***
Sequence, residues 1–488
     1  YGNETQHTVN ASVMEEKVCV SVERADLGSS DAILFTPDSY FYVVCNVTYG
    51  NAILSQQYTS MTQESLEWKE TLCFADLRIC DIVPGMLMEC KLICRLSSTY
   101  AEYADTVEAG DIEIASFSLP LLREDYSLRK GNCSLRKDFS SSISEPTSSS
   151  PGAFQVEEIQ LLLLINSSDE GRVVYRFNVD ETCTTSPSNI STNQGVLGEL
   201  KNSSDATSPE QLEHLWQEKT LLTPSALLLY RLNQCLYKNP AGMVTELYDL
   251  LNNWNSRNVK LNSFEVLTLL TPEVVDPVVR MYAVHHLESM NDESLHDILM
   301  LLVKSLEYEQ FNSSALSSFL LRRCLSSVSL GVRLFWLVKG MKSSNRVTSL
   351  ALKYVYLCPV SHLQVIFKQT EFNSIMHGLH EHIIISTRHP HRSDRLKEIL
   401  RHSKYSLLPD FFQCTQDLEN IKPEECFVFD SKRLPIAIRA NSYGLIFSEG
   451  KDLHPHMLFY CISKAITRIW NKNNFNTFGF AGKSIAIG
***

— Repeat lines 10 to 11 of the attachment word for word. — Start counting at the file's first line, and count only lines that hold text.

   401  RHSKYSLLPD FFQCTQDLEN IKPEECFVFD SKRLPIAIRA NSYGLIFSEG
   451  KDLHPHMLFY CISKAITRIW NKNNFNTFGF AGKSIAIG